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I have a local sqlite database in android app running on multiple devices to sync with remote database. Everytime I fetch data to show on UI, I got data from local database, and later query from remote database and insert them into local database, using below code:


this runs ok except for someone delete from one device. How do I got to know which row in my local database need to be removed when the row in remote database is deleted?

there are two options which I don't like either: 1) clear the local data whenever I fetch from remote 2) compare local data with remote data to find out which row is missing in remote data, and then delete from local database.

Is there any best practice for such common situation? Thanks!

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I'd go with option number 2. You can easily calculate the delta between your local DB and the remote. For instance, you can create two ArrayList's containing the projection over the primary key or another key of your records. Then you calculate the difference between the local list and the remote list with removeAll(Collection). At this point you have a List of all the keys of records which no longer exist in your remote DB and which therefore can be erased from your local DB.

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Thanks for giving the tip for that! It seems this is the best way – tainy Jun 13 '14 at 2:29
Of course this will not work if you are using autoincrement on primary keys. – ComeIn Jun 21 at 23:05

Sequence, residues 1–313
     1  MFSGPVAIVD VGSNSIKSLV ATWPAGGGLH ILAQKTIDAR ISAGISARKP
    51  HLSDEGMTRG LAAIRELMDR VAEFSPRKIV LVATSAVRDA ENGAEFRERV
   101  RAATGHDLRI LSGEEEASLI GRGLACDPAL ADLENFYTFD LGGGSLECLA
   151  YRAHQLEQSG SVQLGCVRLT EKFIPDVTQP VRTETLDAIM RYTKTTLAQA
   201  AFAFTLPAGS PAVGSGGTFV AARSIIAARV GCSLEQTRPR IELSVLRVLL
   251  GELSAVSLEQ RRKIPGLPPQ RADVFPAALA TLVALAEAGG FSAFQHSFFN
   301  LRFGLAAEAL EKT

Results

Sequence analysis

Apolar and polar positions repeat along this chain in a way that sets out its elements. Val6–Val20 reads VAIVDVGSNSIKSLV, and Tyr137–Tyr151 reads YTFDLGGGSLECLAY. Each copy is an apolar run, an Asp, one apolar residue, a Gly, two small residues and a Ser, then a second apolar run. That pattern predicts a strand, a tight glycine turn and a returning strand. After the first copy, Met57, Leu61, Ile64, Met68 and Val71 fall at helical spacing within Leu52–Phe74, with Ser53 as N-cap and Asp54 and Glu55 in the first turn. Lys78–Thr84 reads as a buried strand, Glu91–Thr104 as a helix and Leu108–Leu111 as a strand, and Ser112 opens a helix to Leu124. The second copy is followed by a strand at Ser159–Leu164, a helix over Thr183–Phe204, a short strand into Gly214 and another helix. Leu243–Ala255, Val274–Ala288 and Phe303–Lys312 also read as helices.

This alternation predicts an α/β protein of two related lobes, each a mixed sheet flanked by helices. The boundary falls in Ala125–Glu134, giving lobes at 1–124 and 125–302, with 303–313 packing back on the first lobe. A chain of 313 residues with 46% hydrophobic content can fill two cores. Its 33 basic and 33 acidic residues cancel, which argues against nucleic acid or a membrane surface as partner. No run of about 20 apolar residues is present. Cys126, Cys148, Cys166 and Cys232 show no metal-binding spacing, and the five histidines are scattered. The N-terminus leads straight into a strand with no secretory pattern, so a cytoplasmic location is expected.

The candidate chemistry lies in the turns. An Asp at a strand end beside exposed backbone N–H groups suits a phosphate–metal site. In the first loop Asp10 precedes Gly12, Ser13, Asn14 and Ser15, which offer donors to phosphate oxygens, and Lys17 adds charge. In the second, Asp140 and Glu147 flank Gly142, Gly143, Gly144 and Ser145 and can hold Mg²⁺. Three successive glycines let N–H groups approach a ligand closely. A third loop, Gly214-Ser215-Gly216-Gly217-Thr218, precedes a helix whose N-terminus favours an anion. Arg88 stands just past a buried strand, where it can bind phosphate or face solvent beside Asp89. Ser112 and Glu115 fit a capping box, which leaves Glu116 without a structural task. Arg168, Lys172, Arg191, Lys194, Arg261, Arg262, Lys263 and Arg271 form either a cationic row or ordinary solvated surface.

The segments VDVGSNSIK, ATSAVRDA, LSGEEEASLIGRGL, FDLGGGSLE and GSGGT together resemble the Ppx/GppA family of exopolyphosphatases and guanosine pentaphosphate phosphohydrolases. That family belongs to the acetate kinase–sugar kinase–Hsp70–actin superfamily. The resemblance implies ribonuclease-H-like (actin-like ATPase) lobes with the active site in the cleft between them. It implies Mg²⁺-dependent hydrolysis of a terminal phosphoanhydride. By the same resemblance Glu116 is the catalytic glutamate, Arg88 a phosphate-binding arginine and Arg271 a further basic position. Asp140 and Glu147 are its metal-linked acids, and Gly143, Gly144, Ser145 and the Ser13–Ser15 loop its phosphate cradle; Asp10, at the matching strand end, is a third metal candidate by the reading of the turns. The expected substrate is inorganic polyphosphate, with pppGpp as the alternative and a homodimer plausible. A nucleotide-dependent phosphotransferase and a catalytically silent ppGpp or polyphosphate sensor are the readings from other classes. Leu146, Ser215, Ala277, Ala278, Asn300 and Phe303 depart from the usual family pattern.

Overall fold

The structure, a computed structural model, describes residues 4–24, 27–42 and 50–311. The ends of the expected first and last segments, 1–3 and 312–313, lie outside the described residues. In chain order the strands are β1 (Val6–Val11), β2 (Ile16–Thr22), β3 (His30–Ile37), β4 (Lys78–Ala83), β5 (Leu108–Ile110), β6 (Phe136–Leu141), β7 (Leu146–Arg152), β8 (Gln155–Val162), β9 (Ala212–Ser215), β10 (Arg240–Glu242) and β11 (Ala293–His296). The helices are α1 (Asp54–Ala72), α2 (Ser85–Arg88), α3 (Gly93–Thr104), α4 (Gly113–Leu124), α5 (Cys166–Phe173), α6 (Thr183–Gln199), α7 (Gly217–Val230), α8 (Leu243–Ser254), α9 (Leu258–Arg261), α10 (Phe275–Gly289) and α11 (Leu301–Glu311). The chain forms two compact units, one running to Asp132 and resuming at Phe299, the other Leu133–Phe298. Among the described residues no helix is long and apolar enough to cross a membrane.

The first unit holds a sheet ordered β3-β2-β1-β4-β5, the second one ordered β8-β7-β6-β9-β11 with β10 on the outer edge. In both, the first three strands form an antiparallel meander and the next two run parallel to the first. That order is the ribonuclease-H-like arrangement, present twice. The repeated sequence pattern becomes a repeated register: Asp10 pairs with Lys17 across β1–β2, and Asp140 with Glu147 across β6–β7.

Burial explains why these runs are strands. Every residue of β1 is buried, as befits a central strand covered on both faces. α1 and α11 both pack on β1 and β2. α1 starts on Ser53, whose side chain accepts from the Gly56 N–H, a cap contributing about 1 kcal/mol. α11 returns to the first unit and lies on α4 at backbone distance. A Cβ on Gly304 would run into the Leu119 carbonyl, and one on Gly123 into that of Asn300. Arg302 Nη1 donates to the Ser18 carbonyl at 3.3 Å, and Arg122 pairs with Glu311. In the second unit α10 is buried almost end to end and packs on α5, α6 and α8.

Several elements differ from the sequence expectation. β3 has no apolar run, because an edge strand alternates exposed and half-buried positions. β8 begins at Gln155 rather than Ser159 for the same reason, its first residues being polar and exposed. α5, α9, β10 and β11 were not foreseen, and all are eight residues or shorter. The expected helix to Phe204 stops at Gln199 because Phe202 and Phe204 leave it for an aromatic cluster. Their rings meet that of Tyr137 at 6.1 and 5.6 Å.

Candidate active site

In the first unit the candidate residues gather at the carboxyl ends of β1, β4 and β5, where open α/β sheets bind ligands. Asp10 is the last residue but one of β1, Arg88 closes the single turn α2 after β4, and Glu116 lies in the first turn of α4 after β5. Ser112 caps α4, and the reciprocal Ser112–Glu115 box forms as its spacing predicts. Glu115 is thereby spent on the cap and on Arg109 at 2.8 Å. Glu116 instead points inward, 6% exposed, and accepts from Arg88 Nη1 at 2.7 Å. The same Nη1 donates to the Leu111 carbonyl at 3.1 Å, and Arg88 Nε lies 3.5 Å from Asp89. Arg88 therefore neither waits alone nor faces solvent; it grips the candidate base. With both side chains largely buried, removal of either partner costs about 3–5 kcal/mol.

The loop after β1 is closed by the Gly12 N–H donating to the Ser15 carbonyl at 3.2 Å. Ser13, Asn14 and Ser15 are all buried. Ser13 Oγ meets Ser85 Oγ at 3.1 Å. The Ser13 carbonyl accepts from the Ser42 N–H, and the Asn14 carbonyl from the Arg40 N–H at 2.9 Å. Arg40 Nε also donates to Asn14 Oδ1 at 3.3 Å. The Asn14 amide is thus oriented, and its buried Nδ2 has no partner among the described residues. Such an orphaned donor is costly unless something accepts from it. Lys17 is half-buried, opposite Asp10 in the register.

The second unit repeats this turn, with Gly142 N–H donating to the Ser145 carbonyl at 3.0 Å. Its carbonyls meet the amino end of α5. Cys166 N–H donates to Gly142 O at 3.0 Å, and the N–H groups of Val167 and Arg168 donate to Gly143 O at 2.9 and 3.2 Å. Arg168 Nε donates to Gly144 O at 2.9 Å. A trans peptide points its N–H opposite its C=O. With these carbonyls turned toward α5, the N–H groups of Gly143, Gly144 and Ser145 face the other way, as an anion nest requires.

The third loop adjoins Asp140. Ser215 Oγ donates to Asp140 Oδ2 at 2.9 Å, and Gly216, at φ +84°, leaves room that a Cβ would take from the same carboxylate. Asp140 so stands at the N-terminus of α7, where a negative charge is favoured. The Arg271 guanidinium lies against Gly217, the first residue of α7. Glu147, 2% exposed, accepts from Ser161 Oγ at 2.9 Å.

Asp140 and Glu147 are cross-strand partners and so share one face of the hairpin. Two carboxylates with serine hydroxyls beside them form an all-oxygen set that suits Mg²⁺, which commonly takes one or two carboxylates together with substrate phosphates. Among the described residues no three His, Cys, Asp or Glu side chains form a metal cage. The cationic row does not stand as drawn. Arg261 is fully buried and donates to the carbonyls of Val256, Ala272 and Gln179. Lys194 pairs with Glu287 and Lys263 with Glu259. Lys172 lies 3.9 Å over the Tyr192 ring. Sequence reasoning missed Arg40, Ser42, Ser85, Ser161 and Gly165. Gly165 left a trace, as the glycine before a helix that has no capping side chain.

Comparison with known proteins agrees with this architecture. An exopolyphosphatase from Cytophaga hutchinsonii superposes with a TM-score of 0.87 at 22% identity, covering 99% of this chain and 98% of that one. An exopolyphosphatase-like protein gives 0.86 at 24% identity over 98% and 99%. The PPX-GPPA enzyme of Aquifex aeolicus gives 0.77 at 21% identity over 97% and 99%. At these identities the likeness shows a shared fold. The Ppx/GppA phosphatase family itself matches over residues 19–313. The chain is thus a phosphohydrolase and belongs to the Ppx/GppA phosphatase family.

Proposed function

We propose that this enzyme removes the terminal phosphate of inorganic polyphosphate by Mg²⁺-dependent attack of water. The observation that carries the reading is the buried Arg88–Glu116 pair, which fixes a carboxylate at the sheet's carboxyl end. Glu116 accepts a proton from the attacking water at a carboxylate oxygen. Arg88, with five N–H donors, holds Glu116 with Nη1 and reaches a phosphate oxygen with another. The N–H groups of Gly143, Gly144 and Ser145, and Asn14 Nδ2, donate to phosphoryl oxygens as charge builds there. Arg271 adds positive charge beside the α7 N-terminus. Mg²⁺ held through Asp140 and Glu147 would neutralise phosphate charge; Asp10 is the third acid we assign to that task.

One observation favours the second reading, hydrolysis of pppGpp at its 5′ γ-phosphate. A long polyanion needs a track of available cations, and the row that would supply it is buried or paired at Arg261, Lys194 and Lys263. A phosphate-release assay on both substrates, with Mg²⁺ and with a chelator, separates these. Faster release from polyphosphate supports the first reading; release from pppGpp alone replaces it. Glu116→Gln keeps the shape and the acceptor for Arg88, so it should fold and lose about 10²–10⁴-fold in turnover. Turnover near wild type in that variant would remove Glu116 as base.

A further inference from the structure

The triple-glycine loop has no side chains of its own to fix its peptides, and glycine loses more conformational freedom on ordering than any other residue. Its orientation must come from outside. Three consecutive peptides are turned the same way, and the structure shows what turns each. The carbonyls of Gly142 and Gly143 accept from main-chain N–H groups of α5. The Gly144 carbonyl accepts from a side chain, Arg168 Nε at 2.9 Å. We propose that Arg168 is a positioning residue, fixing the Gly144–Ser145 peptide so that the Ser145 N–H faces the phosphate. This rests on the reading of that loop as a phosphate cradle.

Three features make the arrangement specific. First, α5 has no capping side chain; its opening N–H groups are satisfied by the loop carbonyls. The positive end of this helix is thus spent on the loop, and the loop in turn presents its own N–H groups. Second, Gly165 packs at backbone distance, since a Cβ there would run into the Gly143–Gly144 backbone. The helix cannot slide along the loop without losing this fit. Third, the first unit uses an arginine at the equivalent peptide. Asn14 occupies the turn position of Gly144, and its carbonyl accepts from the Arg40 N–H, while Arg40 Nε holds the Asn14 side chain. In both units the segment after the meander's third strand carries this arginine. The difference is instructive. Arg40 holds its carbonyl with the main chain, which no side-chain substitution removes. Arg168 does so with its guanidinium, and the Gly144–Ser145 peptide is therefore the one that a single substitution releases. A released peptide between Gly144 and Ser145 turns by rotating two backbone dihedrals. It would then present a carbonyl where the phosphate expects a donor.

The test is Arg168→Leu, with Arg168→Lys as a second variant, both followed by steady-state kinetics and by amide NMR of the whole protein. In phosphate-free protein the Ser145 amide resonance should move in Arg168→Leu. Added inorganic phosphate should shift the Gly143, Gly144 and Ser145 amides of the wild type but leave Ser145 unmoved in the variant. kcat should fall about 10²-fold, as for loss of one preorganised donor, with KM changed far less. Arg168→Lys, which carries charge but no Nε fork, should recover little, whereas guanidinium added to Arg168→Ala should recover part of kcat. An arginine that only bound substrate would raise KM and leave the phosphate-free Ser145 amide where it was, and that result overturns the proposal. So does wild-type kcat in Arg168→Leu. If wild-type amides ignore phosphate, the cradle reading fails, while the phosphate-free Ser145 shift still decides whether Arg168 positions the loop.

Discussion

May be you can try this out:

  • Store the time at which the Modification is Done is your Remote Db.

  • In Shared Preference Store the Time of your table creation and updation.Also update accordingly.

  • Finally compare : remote_table_time > table_time and fetch those entry whose time is greater than your table creation time

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by this way I can only get to know if my local data is out of date, but cannot help me deleting my local record. What is more, I am using rest API to add/remove row and hardly to get such information, I guess. – tainy Jun 11 '14 at 8:04
Time stamps will not work, particularly if you have high transaction volumes. Guaranteeing the synchronisation of the remote database server clock and the mobile device is also not possible, especially across different time zones. – ComeIn Jun 21 at 23:07

Applying any hand rolled syncing logic will be complex, difficult to debug and a nightmare to maintain. Your issue seems to assume that the remote DB is the source of truth but if you are allowing users to make data changes while "offline" then you need to retrospectively sync local changes to the remote store also.

I suggest you take a squiz at the sync adapter.

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